February 28, 1994 - From the February, 1994 issue

Los Angeles Post Quake: Searching For Community Identity

The Northridge earthquake has shakened the community and made people wonder "What is Los Angeles?" Leon Whiteson, Contributing Editor and an architectural and urban design critic living in Los Angeles, proposes how self-identifying Angelenos could center themselves post quake. 


"Going beyond the pious hopes of punditry, however, we have to ask ourselves if the quake has really shocked us into a genuine sense of community. We need to examine the sinews that actually might bind us one and all, Anglo and Latino, Black and Asian, rich and poor, housed and homeless."

To say that the Northridge quake sent shockwaves through the social fabric of Los Angeles is to state the obvious. Many of our complacencies have been shaken up by the experience of living on the back of a restless subterranean monster shifting in uneasy sleep. 

The emotional aftershocks have provoked a tsunami of pious comment about our interdependence as a community. The tragedies of lost lives and damaged homes has seemed, for a while, to underscore our shared destiny in this disaster plagued region. At the same time, the collapse of freeways, the rupture of gas and water supplies, the failure of electric power has shown us on how much we depend upon our common infrastructure and the often-scorned governmental, or quasi-governmental bureaucracies that manage them. 

Going beyond the pious hopes of punditry, however, we have to ask ourselves if the quake has really shocked us into a genuine sense of community. We need to examine the sinews that actually might bind us one and all, Anglo and Latino, black and Asian, rich and poor, housed and homeless. 

In recent years, the mental condition of Los Angeles in the midst of radical social and economic upheaval has recalled the comment once made by a wit about Vienna in the last days of the Austro-Hungarian Empire: the situation is terrible but not yet serious. In other words, apart from posturing, there seems to be little real grasp here of the realities of our time. We really don't have a clue what, beyond a passing feel-good buzz, the notion of "community" really means to us. 

A basic contemporary reality is the global evolution, since World War Two, of the conventional city into a vast regional metropolis the size of many small countries; a mega urban region with both common and conflicting social and economic conditions and ambitions. 

In his perceptive book. "The 100 Mile City," the British architect Deyan Sudjic writes that a city such as Los Angeles has, in recent decades, "mutated into a completely new species. Migration and economic development changed it beyond recognition. Technological innovations eliminated traditional industries and scattered new ones in unpredictable places over ever-wider distances."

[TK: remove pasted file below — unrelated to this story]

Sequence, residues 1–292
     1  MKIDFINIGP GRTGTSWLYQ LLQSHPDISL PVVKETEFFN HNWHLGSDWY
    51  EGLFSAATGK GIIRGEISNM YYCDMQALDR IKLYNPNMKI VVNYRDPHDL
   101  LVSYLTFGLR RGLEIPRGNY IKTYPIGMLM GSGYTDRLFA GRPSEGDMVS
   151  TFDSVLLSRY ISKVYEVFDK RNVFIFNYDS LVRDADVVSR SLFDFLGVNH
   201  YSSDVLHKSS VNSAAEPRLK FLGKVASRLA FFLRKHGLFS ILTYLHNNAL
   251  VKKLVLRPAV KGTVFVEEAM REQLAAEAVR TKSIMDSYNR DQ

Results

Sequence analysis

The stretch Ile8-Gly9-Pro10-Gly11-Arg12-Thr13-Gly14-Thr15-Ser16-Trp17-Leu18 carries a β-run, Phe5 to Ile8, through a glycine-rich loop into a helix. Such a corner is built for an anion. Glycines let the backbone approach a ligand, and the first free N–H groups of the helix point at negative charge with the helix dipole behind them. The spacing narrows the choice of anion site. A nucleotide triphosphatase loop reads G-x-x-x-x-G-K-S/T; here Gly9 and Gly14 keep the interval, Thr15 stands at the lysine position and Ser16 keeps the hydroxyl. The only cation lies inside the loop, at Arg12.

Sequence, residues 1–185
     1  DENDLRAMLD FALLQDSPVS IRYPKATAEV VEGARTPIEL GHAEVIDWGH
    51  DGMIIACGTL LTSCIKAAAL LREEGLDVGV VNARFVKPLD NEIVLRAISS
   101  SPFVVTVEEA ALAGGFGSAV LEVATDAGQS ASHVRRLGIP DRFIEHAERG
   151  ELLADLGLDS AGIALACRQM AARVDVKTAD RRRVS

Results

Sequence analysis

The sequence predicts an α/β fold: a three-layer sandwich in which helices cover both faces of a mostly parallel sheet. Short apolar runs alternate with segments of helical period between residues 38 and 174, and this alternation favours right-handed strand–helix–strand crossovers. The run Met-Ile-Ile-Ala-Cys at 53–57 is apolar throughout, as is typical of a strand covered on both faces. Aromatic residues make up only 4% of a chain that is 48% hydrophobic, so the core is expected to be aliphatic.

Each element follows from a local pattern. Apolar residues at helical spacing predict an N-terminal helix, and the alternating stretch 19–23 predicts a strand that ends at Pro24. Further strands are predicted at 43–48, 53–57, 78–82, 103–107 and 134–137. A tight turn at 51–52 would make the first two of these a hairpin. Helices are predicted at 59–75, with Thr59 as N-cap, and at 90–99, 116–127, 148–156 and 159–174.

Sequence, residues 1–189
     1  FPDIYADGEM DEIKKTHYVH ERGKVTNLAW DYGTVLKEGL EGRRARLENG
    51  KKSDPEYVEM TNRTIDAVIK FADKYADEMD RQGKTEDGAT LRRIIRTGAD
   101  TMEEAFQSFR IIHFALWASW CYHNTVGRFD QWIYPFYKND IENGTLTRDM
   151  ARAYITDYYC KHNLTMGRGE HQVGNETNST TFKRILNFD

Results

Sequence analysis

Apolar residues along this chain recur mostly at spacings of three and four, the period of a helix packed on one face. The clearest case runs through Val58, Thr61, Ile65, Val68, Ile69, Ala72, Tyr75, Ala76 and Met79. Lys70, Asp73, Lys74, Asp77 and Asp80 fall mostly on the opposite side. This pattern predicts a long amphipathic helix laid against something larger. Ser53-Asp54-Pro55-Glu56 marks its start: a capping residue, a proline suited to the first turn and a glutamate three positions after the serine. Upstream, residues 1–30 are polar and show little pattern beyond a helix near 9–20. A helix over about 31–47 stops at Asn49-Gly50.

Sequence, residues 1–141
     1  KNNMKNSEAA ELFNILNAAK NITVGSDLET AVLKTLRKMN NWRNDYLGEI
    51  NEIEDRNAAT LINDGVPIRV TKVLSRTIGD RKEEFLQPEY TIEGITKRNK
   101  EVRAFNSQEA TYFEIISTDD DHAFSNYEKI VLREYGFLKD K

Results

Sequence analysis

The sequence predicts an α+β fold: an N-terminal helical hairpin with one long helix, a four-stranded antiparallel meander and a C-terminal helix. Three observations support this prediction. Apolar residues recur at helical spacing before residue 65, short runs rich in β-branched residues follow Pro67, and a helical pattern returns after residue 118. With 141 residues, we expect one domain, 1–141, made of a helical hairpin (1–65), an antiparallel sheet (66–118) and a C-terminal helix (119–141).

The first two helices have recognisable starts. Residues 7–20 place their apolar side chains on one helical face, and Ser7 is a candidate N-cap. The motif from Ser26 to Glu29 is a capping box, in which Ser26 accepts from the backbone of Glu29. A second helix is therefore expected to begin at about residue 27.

In this changing and confusing context, few people really know what they mean when they talk of "Los Angeles." Is it the City of L.A.? Is it the county? Or is it the huge metropolitan region designated as a conurbation by the U.S. Census Bureau? Does the term "Angeleno" apply to a resident of Irvine, Long Beach or Thousand Oaks?

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Few, if any, of our political or governmental structures have responded coherently to this profound metropolitan evolution. Few, if any, or our official or private planners have grasped the implications of the extraordinary change in the nature of the city and its impact on the sense of identity held by its citizens. 

The only real response has been the instinctive, grassroots reaction of local homeowner and neighborhood associations. Struggling to contrive some notion of identity in the regionalized metropolis, these groups have often tried to define themselves negatively by guarding their boundaries and creating what planners call "defensible space." Idealists decry this trend as a kind of willful ghettoization, but it has to be seen as an all too natural response to a confused social context. 

To begin to think seriously and tough-mindedly about the notion or community, we have to look at the metropolitan region as it has developed in the recent decades. Rather than preaching gospels about how people should feel and live, we must examine how they actually inhabit and deal with the postmodern urban environment. It’s only on this solid basis that we can even begin to understand how a genuine sense of belonging to a definable urban place might happen. 

We might even have to examine whether the reality of what we call Los Angeles might be better served by treating it not as a vast, amorphous agglomeration, but as a patchwork of sub-cities each with its own clear sense of community. We might consider creating a hierarchy of "city councils" even with the City of Los Angeles itself, to replace the current clumsy political structures designed for a simpler time. 

Los Angeles is not alone in this need for radical self-analysis. Regional metropolises from Tokyo to London face the same challenge, with or without earthquakes, fires, floods and riots to shake them up. But it would be a small miracle if the Northridge quake really made us begin to think seriously about the nature of our common ground.

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© 2022 The Planning Report | David Abel, Publisher, ABL, Inc.